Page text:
Keywords: Research Article ; Biology And Life Sciences ; Research And Analysis Methods ; Medicine And Health Sciences ; Medicine And Health Sciences ; Medicine And Health Sciences ; Medicine And Health Sciences ; Biology And Life Sciences ; Medicine And Health Sciences ; People And Places ; Biology And Life Sciences ; Biology And Life Sciences ; Biology And Life Sciences ; Research And Analysis Methods ; Biology And Life Sciences
    ISSN: 1935-2727
    E-ISSN: 1935-2735
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  • 3
    Language: English
    In: PloS one, 2015, Vol.10(4), pp.e0124373
    Description: Haemophilus ducreyi resists the cytotoxic effects of human antimicrobial peptides (APs), including α-defensins, β-defensins, and the cathelicidin LL-37. Resistance to LL-37, mediated by the sensitive to antimicrobial peptide (Sap) transporter, is required for H. ducreyi virulence in humans. Cationic APs are attracted to the negatively charged bacterial cell surface. In other gram-negative bacteria, modification of lipopolysaccharide or lipooligosaccharide (LOS) by the addition of positively charged moieties, such as phosphoethanolamine (PEA), confers AP resistance by means of electrostatic repulsion. H. ducreyi LOS has PEA modifications at two sites, and we identified three genes (lptA, ptdA, and ptdB) in H. ducreyi with homology to a family of bacterial PEA transferases. We generated non-polar, unmarked mutants with deletions in one, two, or all three putative PEA transferase genes. The triple mutant was significantly more susceptible to both α- and β-defensins; complementation of all three genes restored parental levels of AP resistance. Deletion of all three PEA transferase genes also resulted in a significant increase in the negativity of the mutant cell surface. Mass spectrometric analysis revealed that LptA was required for PEA modification of lipid A; PtdA and PtdB did not affect PEA modification of LOS. In human inoculation experiments, the triple mutant was as virulent as its parent strain. While this is the first identified mechanism of resistance to α-defensins in H. ducreyi, our in vivo data suggest that resistance to cathelicidin LL-37 may be more important than defensin resistance to H. ducreyi pathogenesis.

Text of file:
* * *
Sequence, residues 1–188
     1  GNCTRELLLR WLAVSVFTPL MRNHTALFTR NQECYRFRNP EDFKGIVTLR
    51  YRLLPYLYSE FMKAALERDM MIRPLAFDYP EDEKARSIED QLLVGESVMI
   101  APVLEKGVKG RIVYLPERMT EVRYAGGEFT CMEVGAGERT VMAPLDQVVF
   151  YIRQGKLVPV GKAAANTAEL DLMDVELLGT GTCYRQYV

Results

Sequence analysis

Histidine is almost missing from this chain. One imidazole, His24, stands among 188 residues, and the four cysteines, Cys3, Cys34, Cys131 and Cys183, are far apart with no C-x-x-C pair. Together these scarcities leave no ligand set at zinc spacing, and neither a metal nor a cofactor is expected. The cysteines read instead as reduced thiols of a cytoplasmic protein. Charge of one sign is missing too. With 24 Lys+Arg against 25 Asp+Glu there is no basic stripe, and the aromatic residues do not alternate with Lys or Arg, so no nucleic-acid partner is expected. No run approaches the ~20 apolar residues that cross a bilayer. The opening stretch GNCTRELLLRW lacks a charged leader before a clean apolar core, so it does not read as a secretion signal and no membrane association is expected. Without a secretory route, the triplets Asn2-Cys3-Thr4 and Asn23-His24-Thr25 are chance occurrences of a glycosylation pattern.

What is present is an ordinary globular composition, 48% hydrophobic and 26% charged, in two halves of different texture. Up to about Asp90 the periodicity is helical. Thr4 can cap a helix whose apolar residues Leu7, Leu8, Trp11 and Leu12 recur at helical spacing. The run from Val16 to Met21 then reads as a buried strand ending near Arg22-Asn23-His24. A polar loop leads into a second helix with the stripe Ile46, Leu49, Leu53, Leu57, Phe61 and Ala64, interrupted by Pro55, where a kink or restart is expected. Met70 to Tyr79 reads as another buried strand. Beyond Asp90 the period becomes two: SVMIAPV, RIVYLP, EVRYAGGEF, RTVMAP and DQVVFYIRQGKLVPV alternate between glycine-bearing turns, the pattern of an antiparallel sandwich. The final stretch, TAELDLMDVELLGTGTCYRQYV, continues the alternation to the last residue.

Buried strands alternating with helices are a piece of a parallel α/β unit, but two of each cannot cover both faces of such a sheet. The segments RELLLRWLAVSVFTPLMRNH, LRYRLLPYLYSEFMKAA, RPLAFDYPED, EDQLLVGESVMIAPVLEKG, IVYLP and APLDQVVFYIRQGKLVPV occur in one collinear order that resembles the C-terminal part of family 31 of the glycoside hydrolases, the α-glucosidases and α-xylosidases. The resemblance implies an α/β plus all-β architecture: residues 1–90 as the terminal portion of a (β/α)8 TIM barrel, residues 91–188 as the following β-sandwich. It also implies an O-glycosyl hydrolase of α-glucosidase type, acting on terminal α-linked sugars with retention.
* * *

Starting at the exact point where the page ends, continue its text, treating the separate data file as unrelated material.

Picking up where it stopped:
Keywords: Bacterial Proteins -- Genetics ; Drug Resistance, Bacterial -- Genetics ; Ethanolaminephosphotransferase -- Genetics ; Haemophilus Ducreyi -- Genetics ; Lipid A -- Metabolism
    E-ISSN: 1932-6203
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  • 4
    Language: English
    In: Int. J. of Computational Biology and Drug Design, 2014, Vol 7 Issue 2/3, pp 195 - 213